You’re sitting down in front of a screen looking at an image of yourself, as if facing a mirror. Then a tiny elephant saunters into the frame, plops down next to you — and proffers you a golden orb.
That’s one of the demos for Disney Research’s Magic Bench, a new spin on mixed-reality that lets multiple users interact with animated characters and other CGI elements together. Unlike typical augmented-reality or VR implementations, the prototype doesn’t use headsets or handheld devices.
“This demonstrates [human-computer interaction] in its simplest form: a person walks up to a computer, and the computer hands the person an object,” the researchers write in their paper describing the Magic Bench.
People seated on the Magic Bench, developed by a Disney R&D team in Pittsburgh, see a mirrored image on a large display in front of them, creating a third-person point of view. The scene is reconstructed using a depth sensor, allowing participants to occupy the same actual digital 3D space as computer-generated characters or objects, rather than superimposing one video feed onto another.
The goal of the Mouse House researchers was to create a “walk-up-and-play” experience. The bench contains haptic actuators, which provide vibrations that let users feel the presence of the CGI characters and objects. The Magic Bench also identifies the location and the number of participants, and can infer where they’re looking. In addition, different formations of people seated create different types of experiences.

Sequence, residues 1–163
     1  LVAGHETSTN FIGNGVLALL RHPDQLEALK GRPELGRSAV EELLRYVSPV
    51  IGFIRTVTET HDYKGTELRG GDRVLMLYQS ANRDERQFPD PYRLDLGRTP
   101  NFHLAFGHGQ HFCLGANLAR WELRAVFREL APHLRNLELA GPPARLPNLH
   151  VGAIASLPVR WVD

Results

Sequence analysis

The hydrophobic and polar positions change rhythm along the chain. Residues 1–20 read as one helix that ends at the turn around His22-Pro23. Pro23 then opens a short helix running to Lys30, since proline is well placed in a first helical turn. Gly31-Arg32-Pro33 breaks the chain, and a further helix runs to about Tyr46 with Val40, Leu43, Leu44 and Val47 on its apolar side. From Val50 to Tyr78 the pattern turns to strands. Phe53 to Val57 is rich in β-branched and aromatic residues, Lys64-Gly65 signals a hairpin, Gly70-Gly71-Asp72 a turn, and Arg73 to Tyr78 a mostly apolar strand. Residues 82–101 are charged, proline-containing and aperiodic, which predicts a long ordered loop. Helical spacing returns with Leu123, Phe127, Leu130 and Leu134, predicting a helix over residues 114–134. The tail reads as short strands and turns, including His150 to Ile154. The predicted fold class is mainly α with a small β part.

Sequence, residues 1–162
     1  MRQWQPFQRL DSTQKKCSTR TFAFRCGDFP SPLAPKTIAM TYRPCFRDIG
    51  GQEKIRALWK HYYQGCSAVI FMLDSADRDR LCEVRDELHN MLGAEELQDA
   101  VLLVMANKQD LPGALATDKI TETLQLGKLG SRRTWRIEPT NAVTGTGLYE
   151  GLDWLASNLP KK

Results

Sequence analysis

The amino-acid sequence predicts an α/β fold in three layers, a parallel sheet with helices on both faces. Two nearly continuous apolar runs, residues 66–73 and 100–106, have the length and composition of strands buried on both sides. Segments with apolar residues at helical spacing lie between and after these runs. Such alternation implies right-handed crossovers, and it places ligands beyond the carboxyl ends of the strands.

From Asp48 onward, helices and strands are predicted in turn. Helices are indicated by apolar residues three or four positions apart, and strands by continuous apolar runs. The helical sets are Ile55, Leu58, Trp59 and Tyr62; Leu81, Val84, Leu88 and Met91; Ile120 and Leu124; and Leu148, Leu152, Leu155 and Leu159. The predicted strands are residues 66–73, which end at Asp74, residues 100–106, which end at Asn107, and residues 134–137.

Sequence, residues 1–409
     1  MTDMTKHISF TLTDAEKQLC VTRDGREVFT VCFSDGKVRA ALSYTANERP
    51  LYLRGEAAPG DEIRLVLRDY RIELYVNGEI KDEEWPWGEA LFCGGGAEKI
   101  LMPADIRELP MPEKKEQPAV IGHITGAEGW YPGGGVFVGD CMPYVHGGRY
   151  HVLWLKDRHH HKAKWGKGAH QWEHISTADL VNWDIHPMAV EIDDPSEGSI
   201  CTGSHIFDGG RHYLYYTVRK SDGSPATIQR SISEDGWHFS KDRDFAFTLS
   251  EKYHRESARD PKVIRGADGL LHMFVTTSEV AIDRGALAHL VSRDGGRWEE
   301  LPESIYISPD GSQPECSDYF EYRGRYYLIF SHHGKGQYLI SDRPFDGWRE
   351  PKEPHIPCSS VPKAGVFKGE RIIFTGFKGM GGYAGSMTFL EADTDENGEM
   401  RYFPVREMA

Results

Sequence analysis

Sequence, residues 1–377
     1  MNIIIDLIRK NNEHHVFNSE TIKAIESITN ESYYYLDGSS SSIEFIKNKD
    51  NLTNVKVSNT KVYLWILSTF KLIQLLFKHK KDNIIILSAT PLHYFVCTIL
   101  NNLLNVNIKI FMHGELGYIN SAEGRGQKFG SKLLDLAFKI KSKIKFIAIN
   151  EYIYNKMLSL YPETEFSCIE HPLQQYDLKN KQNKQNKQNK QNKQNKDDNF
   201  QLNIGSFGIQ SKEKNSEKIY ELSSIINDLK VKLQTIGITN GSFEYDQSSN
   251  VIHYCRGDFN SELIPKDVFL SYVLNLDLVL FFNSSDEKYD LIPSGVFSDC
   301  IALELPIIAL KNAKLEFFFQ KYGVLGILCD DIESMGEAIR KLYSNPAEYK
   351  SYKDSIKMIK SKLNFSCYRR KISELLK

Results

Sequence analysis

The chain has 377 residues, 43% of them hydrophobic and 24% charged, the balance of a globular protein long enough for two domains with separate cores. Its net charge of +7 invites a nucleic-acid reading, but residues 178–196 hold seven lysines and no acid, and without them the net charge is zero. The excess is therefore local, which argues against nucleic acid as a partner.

“Our mantra for this project was: hear a character coming, see them enter the space, and feel them sit next to you,” Moshe Mahler, principal digital artist at Disney Research, said in a video about Magic Bench.
To crack the problem of “depth shadows” — which occur in areas where the depth sensor has no corresponding line of sight with the camera — the Magic Bench system uses a modified algorithm to create a 2D backdrop. The 3D and 2D reconstructions are positioned in virtual space and populated with 3D characters and effects in such a way that the resulting real-time rendering is a composite image capable of interacting with virtual physics, light, and shadows.
The Magic Bench’s 3D reconstruction uses a combination of the depth and color sensors on an off-the-shelf Microsoft Kinect motion-detection device. Here’s the technical explanation, for those interested in this level of detail: “We draw polygons using each point in the point cloud as a vertex, creating the appearance of a solid mesh. The mesh is then aligned to the RGB camera feed of the scene from the same Kinect. This alignment gives the mesh color, and completes a 3D reconstructed video feed.”
The Magic Bench was produced by a team of Disney Research scientists. In addition to Mahler, it includes Kyna McIntosh, John Mars, James Krahe, Jim McCann, Alexander Rivera, Jake Marsico, Ali Israr and Shawn Lawson.
The researchers will demo Magic Bench and present their paper on the project at the Siggraph 2017 computer graphics and interactive tech conference next week in L.A.
Watch a video explaining the concept: